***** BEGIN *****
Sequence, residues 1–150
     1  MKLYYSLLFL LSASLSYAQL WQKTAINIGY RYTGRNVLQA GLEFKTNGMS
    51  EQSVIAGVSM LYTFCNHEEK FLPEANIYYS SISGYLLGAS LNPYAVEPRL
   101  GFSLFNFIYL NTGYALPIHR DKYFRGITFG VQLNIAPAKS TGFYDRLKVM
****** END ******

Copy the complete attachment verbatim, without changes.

Sequence, residues 1–150
     1  MKLYYSLLFL LSASLSYAQL WQKTAINIGY RYTGRNVLQA GLEFKTNGMS
    51  EQSVIAGVSM LYTFCNHEEK FLPEANIYYS SISGYLLGAS LNPYAVEPRL
   101  GFSLFNFIYL NTGYALPIHR DKYFRGITFG VQLNIAPAKS TGFYDRLKVM